International economist compares Pakistani economy with Srilanak and African nation Ghana
Atif Mian, a well-respected economist, has criticized Pakistan’s economic policy terming it ‘non-sensical’. While comparing the experience of Ghana and Sri Lanka, he has concluded that Pakistan should “take decisive actions, aggressively restructure and take courageous actions”.
This is a veiled suggestion to declare default. This is a misplaced criticism made from a purely theoretical point of view. The gentleman has no idea how practical economics operates in practice. His comparison with Ghana and Sri Lanka, is also misplaced given the incomparably small size of their economies and populations relative to Pakistan. ALSO READ
Fundamentally, he didn’t care to analyze the structure of Pakistan’s debt which has less than 10% share in commercial bonds/sukuks, with the next maturity falling due in April 2024. The rest of the debt is owed to the multilateral and bilateral creditors. Both these classes of creditors are engaged with Pakistan and none has assessed that Pakistan should default.
The author has completely ignored the deep-rooted reforms Pakistan has undertaken in the last 9 months. These included market exchange rate, interest rate adjustments, mid-year taxation to improve fiscal position, imposition of levy on petroleum products and non-monetization of fiscal deficit. All these actions were undertaken under an IMF program which was unprecedented as never in country’s history such front-loaded conditionality was imposed.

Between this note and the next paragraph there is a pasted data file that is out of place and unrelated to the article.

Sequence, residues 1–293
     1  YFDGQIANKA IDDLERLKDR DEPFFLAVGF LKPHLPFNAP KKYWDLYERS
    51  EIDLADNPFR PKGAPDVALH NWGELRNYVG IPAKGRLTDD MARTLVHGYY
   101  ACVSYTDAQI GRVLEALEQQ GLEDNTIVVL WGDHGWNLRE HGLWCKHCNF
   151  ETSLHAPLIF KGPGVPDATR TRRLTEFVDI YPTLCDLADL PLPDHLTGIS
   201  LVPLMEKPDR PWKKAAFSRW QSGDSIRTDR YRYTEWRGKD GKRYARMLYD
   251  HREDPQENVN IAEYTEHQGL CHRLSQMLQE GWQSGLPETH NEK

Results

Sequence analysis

However, we accomplished it through heroic efforts. It is unfortunate that despite such actions, the staff level agreement (SLA) has still not been reached delaying the release of 9th review tranche. The country is surviving economically and would continue to survive. What Pakistan has done is decisive and courageous; we would continue to walk the road to reforms to stabilize our economy and, in course of time, to steer it toward the path of sustainable growth.
The comparison of nominal exchange rate is also unwarranted. Pakistan’s real exchange rate is currently estimated to be 15% undervalued. The nominal rate is the result of speculation, market manipulation and general distraught from political instability. The undervalued exchange rate is reflective of the fact that underlying fundamentals are improving. AL
Pakistan has historically sold petroleum products at significantly lower prices than regional countries. With petroleum levy of Rs.50 achieved, this doesn’t involve any subsidy from the government. It would be unwise to levy additional tax on consumers on top of prices that have doubled in less than a year, especially when they are facing rising inflation. The author has cited this as an example of non-sensical policies. This is simply a misplaced example.